Trump to name Amy Coney Barrett to US Supreme Court
The president said this week he will announce his pick to replace the late Ruth Bader Ginsburg on Saturday, and various media outlets said it would be the 48-year-old conservative judge.
Citing sources close to the process, various media outlets, including The New York Times and CNN, said Trump would nominate Barrett.
If she is confirmed the court would shift to a 6-3 conservative majority.
Asked by journalists if Barrett will indeed be nominated, Trump responded: "I haven't said that."
But he added that he had already made a decision "in my own mind" and that Barrett is "outstanding."
The media reports noted the mercurial Trump could still change his mind before the official announcement, expected at 5 pm (2100 GMT) Saturday.
Democratic opponents, led by presidential candidate Joe Biden, have demanded that Republicans back off on replacing liberal icon Ginsburg -- who died last week -- until after the November 3 election, after it's determined whether Trump will get a second term.
Leaders of the Republican majority in the Senate, which is tasked with confirming Supreme Court nominees, said they have enough support to hold a vote on the nomination either before the election or at worst during the "lame duck" session between the election and the inauguration of the next president in January.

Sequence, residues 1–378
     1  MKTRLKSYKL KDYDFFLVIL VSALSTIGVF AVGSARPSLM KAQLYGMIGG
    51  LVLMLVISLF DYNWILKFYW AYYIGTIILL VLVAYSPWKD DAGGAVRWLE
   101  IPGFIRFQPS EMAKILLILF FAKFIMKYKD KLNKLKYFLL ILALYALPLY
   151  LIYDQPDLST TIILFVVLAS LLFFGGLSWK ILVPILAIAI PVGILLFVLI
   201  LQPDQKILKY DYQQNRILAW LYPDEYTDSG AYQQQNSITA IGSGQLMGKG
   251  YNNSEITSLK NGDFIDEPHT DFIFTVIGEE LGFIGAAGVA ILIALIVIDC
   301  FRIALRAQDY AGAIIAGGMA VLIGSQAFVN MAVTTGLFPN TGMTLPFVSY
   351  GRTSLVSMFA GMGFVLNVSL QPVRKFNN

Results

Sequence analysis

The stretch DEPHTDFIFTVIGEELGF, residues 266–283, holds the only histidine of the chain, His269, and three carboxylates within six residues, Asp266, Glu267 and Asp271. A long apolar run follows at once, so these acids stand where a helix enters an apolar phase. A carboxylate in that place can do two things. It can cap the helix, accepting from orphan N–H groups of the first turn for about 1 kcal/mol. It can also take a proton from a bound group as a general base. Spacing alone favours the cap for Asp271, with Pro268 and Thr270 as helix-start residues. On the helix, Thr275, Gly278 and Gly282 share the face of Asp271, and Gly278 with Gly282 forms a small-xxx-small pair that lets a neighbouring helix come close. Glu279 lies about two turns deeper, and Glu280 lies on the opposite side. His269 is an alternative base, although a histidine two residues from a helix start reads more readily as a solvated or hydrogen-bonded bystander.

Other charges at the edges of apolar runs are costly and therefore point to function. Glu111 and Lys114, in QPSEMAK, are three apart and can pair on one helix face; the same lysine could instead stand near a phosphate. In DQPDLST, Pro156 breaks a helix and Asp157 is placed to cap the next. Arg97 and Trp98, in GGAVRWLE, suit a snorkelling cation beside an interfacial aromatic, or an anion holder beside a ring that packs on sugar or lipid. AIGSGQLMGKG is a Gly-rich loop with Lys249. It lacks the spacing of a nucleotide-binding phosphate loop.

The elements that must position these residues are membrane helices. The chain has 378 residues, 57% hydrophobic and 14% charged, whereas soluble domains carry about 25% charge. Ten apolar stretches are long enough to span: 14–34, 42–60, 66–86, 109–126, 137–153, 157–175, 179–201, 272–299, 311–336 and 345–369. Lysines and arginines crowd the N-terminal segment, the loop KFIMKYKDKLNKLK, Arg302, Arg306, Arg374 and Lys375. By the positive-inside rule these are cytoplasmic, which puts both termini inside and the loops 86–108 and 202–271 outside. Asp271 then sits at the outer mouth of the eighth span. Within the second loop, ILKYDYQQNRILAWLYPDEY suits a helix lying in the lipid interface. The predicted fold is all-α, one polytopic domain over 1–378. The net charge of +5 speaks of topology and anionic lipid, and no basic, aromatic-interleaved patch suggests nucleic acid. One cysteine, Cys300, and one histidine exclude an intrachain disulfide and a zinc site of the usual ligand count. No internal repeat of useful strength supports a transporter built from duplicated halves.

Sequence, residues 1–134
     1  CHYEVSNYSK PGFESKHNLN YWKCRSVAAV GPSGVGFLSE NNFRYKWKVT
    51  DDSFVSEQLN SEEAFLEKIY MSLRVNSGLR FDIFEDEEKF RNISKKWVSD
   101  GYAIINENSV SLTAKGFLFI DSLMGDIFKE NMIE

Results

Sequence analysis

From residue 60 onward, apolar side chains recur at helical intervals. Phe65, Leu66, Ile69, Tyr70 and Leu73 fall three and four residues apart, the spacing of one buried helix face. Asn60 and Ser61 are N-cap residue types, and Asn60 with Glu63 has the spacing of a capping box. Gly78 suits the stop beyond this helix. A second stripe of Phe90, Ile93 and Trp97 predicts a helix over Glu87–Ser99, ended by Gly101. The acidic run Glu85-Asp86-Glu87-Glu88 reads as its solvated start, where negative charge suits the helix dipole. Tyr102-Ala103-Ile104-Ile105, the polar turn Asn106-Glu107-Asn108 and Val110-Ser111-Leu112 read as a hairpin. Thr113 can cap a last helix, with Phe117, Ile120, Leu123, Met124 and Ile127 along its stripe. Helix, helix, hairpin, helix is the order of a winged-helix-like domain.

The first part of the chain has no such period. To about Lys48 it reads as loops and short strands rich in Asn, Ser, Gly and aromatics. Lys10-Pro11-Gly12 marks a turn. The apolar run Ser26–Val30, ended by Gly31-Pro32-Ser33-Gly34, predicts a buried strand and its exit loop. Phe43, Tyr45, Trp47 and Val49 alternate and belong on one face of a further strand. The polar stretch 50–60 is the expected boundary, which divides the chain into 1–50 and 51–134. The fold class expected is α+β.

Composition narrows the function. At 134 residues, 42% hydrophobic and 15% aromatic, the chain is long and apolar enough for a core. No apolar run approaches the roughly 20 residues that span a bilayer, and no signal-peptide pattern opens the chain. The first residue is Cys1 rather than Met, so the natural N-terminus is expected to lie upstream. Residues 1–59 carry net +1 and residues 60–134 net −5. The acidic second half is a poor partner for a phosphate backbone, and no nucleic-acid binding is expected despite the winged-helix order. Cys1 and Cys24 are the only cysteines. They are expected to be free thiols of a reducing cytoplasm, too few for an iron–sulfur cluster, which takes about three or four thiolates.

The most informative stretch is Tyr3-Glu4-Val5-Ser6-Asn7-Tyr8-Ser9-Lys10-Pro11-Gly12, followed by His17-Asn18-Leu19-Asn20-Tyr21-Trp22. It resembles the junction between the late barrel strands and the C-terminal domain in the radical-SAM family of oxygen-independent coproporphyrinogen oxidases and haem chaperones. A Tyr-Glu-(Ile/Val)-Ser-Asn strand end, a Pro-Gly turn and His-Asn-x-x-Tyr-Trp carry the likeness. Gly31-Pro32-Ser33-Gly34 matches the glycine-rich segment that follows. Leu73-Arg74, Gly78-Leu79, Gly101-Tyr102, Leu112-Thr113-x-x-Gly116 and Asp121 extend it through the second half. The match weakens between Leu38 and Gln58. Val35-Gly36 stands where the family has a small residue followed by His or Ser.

"We will certainly do that this year," Republican Senate leader Mitch McConnell said.
Barrett, a law professor, was only appointed to the bench for the first time in 2017. A deeply conservative Catholic, she is considered hostile to abortion rights -- a key issue for many Republicans.
The left-leaning government watchdog group Accountable US was unimpressed with the reported choice. "Barrett has proven time and again that protecting businesses — not people — is her top priority," said group president Kyle Herrig.
In 2018, the mother of seven was on the shortlist presented by Trump for a seat vacated by the retirement of justice Anthony Kennedy, a position ultimately filled by Brett Kavanaugh after a ferocious confirmation battle.
- A full bench -
Earlier Friday, Ginsburg became the first woman and first Jewish person to lie in state at the US Capitol, where the justice's relatives, US lawmakers and dignitaries including Biden paid their respects.
Ginsburg's last wish, reportedly relayed to her granddaughter, was for her seat to be decided by whoever wins the next election.
Trump cast doubt upon the veracity of that in an interview Monday, suggesting it could have been a ploy made up Democratic leaders.
Republican leaders have said that if the fate of a disputed election rests with the Supreme Court, they will need a full bench of judges to prevent a deadlock.
Trump refused Wednesday to clearly guarantee a peaceful transfer of power if he loses, stirring outrage among Democrats.
The Democratic leadership has vowed to do everything in their power to prevent the confirmation of a new justice before the election, but with a 53-47 Republican majority in the Senate, there is little they can do to stop it.